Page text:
citizen kerry

Someday i'm going to understand America. Until then, I have this blog.

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i thought i disdained sheryl sandberg’s ideas but actually “lean in” is really inspiring


I had no interest in reading Lean In, because I had seen Sheryl Sandberg’s TedTalk and figured I got her point. I just didn’t like it.

And that point was: women shouldn’t scale back their ambition because they might have kids someday. Instead, we should lean in to our careers, because we don’t know if/when we’ll have kids. Also, the world needs more female leaders, and it’s up to us. 

It all seemed annoyingly preachy, like Michael Phelps telling us to train harder for the 400 i.m. without asking, “Hey, do you even want to swim?”  

When that TedTalk went viral about two years ago, I was at a point in my life where I was finally prioritizing intrinsic rewards: equanimity, happiness, kindness, etc.

And then along came Sheryl Sandberg, via seemingly everyone in my social network, saying, No! You’re on the wrong path! Go back to chasing extrinsic rewards! 

Instead of feeling empowered by her suggestion to “sit at the table,” I was defensively insisting that happiness was outside the building. 

Looking back, I should have realized she was stirring something in me, because Anne Coulter says crazy things all the time and I don’t care. (WHEN will I learn that a strong reaction to anything is information about me as much as it’s information about the thing?) 

But I didn’t dig deep, and so, when her book came out, and the hoopla began, I got more defensive. 

About how it seemed tone-deaf. Lean in? Really? My friends who leaned out of the workforce after having babies didn’t do so because they lacked drive. Their companies didn’t give a crap about flextime. Or they didn’t make enough to cover a full-time nanny. 

I don’t have kids yet, but the idea of being career-driven and having a baby seems hard, as in: tearing-my-hair-out-hard. 

And here was a woman with incredible resources and an outlier-ish-once-in-a-lifetime career trajectory telling us to work harder. So we could … make a lot of money and outsource family life? And run a company that … [insert your own impressions of Facebook here]

And if that were what Sheryl Sandberg was saying, I would have been right, because this is all very annoying.

But I was wrong about her book and her message. 

I only read Lean In because Anne said it was worth a read. Anne has convinced me to lean in (ha) to all sorts of things that turned out to be wise moves (joining Tumblr, going on a yoga retreat, wearing J Brand skinny jeans).  

Turns out, Sheryl Sandberg’s biggest argument in Lean In is *not* (despite every book review I read of it) that we need to be more ambitious, it’s let’s control what we can control because the working world is not optimized for women to flourish. Blame status quo, biology, accidental biases, and sexism.

Her point is: get out of your own way. And you do this by:
  • trusting your voice
  • learning how to negotiate
  • fostering authentic conversations
  • managing up
  • getting critical feedback
  • looking at your career path as a jungle gym rather than a ladder
  • engaging your partner in childcare duties if you have kids
  • understanding differences between male and female leaders (a big point in her book: men who are perceived as powerful are liked, while women need to be liked in order to be perceived as powerful)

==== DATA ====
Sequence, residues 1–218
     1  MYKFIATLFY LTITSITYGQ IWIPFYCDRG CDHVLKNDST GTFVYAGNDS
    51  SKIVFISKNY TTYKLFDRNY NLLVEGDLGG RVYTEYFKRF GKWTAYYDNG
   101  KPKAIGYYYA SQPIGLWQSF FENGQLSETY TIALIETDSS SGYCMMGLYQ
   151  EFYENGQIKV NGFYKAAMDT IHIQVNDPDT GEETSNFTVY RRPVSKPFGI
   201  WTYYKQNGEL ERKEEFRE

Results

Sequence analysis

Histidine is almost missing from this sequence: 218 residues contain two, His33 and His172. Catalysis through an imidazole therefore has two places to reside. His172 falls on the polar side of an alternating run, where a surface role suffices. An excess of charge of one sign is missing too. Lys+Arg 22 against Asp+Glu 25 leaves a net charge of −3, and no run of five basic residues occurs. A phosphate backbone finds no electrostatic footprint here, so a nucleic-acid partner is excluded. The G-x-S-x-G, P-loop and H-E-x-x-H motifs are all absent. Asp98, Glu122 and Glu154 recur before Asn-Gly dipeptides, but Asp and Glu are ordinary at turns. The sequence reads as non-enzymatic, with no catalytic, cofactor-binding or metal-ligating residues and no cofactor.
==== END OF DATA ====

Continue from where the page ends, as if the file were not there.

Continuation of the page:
• not waiting for a mentor to catapult your career to the next level (apparently she’s encountered lots of women who think mentors are the workplace equivalent of Prince Charming) 
  • understanding that you need to toot your own horn when you see opportunities 
  • dealing with the guilt you feel if you have kids and choose to work. She tells a sweetly honest story about not knowing the names of her kid’s classmates, and another mother has to explain to her who all the children are. 
Ironically, this is all advice that—no matter what path you’ve chosen—almost every woman I know could use, even if her goal is to dream smaller and write a good blog. Lean in to those convictions! Trust that your voice is worth being heard!
The best part about Lean In is that it’s like hearing about how your older, super successful, most Type A friend made it. How she struggled with doubting herself, feeling insecure, and pushed on. (Bonus: She shares specific lines she used on Zuck to negotiate her salary at Facebook, which I found extremely helpful and will use in my next deal. Watch out, world.) 
It’s about as personal as Tina Fey’s Bossypants, (meaning: not very), but still more revealing than most CEO memoirs. There are enough embarrassing anecdotes to convince you that a real human is behind this, despite all the data thrown at you. (The woman loves studies!)  
And yes, she does come out on the side of wanting more women to be more ambitious. She even encourages new moms to consider working even if they can’t cover the cost of childcare, because they should take a longterm career view. (Bold!)
But her book doesn’t read preachy. It reads as what it is: one woman making a strong point, confidently leaning in to her convictions. 
Which is, to my great surprise, her simple message: lean in to what you want, own the choices you make, and find peace with them. 
NOTE: Every conversation about Sheryl Sandberg’s ideas includes a disclaimer. Here’s mine: it’s my huge privilege to be able to discuss and contemplate these ideas. 

Filed under feminism lean in life advice sheryl sandberg facebook gender havingItAll Don'tLeaveBeforeYouLeave annehubert

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  6. dianareads reblogged this from citizenkerry and added:
    Okay, now I need to read this book.